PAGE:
The effects in the film are unlike anything seen in the superhero genre. Visually, “Doctor Strange” is stunning, with director Scott Derrickson providing chase scenes and action sequences amidst a backdrop of beautifully disorienting effects. The fact that the characters in the film have the ability to manipulate dimensions is fully taken advantage of, and it’s one of the few movies that I truly recommend seeing in 3-D. Differing from most superhero movies, the effects don’t reflect destruction and mayhem, but rather, mysticism and magic. This, along with the fact that Doctor Strange is more of a mystical sorcerer than a traditional superhero, makes this film a lot more palatable for viewers who may be souring on typical superhero movies. You get the sense that you’re watching a dark fantasy film, displaying themes consistent with romanticized eastern philosophy. But more importantly, just like “Guardians of the Galaxy,” you don’t have to be familiar with all the other movies in the MCU just to follow and enjoy this film, allowing it to stand on it’s own and forge it’s own identity.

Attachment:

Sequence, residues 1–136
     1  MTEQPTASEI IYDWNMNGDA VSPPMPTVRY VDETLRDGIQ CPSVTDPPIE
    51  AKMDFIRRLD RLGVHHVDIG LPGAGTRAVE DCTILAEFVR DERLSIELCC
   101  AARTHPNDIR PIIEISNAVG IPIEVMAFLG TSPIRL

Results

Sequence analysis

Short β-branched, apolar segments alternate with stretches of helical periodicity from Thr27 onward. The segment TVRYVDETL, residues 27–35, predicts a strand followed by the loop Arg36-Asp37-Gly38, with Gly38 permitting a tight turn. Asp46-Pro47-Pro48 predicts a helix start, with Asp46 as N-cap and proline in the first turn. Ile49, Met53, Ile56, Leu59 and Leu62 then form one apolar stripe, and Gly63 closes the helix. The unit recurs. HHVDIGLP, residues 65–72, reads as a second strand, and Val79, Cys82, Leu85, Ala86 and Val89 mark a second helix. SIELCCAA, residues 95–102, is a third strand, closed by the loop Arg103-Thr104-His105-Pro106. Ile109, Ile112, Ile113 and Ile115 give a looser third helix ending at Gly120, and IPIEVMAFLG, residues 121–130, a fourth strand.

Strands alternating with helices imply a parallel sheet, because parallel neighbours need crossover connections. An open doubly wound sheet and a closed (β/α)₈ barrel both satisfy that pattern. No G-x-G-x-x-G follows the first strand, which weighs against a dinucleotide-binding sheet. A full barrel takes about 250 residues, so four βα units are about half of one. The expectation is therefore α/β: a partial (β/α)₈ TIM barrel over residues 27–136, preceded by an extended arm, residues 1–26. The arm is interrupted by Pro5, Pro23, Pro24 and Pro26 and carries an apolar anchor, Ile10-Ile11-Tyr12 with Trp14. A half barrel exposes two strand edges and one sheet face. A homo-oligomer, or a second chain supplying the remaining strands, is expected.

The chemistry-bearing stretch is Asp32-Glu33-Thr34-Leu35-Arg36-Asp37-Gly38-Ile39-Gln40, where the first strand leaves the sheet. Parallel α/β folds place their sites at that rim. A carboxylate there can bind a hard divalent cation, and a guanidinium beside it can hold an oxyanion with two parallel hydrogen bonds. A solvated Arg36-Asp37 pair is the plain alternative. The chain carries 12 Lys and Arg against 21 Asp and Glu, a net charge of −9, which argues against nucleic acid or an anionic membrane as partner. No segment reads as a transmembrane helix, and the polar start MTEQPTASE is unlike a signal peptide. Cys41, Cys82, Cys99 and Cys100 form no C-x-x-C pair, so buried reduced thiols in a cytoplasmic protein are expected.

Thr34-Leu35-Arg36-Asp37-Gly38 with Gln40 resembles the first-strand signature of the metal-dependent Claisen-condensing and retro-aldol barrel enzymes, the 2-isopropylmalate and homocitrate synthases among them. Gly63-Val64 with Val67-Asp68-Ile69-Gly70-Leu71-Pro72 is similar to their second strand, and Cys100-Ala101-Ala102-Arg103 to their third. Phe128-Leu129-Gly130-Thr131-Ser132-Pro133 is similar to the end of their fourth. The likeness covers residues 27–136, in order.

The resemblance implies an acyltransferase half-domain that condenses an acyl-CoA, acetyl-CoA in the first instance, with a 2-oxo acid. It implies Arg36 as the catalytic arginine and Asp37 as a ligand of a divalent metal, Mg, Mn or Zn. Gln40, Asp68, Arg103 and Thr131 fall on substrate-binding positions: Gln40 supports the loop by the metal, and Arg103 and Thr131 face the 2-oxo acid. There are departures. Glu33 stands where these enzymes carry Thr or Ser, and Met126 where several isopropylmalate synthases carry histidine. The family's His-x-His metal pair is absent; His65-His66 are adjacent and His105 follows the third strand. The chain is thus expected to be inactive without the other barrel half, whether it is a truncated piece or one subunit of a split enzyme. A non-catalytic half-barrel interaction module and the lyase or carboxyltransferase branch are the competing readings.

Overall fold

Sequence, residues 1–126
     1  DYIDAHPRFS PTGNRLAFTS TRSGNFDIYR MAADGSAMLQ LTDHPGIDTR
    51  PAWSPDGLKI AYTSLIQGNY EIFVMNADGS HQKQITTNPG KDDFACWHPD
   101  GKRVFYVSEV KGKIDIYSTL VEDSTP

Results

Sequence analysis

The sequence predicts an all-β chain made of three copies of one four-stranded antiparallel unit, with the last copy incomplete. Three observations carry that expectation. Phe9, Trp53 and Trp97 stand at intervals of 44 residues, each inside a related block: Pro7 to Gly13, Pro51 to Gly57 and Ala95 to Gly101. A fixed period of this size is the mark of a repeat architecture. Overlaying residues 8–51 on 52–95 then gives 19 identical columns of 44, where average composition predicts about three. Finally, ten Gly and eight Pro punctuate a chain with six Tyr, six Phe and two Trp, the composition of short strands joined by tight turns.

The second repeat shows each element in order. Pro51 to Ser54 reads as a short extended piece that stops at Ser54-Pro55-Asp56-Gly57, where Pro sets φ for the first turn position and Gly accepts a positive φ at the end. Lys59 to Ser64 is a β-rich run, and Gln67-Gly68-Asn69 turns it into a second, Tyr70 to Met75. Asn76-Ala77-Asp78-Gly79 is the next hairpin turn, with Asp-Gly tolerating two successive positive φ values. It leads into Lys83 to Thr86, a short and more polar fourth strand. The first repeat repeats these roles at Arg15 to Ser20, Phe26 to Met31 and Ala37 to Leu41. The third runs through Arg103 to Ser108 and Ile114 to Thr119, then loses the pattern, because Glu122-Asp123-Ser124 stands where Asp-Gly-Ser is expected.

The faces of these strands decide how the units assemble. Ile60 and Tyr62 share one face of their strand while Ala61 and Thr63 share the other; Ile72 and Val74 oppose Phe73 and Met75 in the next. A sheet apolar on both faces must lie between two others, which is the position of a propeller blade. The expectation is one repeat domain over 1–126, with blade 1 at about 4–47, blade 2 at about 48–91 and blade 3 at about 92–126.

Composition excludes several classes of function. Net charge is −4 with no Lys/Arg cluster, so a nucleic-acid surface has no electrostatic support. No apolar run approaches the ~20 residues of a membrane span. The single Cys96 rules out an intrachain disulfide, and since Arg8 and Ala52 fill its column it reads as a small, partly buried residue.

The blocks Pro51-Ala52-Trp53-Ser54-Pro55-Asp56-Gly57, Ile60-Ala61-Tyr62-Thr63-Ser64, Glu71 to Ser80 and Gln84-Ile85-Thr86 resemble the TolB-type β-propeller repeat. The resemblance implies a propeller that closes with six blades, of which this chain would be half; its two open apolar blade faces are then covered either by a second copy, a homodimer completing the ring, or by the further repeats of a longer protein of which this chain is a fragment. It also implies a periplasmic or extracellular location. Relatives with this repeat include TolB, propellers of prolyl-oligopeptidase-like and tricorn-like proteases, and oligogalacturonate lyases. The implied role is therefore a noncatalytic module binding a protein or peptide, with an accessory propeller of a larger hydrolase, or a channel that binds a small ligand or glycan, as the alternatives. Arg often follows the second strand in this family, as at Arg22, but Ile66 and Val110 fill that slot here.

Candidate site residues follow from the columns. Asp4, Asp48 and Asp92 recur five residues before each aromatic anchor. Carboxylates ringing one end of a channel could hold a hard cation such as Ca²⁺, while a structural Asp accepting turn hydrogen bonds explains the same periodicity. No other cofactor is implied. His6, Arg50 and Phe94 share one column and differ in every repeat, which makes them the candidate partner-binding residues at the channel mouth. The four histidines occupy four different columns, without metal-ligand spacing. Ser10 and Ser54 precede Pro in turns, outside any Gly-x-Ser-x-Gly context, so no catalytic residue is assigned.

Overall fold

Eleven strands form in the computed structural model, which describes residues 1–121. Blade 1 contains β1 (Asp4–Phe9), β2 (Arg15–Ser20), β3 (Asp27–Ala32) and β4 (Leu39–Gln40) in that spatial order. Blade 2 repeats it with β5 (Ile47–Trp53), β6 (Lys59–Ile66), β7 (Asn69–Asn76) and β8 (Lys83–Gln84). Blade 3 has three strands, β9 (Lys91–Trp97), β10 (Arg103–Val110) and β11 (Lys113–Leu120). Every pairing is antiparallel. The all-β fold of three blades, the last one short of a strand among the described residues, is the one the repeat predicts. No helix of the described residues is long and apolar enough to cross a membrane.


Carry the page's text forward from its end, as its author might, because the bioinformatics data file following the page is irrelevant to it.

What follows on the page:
“Doctor Strange” succeeded by knowing what it’s strengths were, and executing them very well. Marking the first installment in Marvel’s “Phase 3” of films, “Doctor Strange” is a refreshing movie within a genre in need of change-ups to keep audiences interested, which this film definitely accomplishes.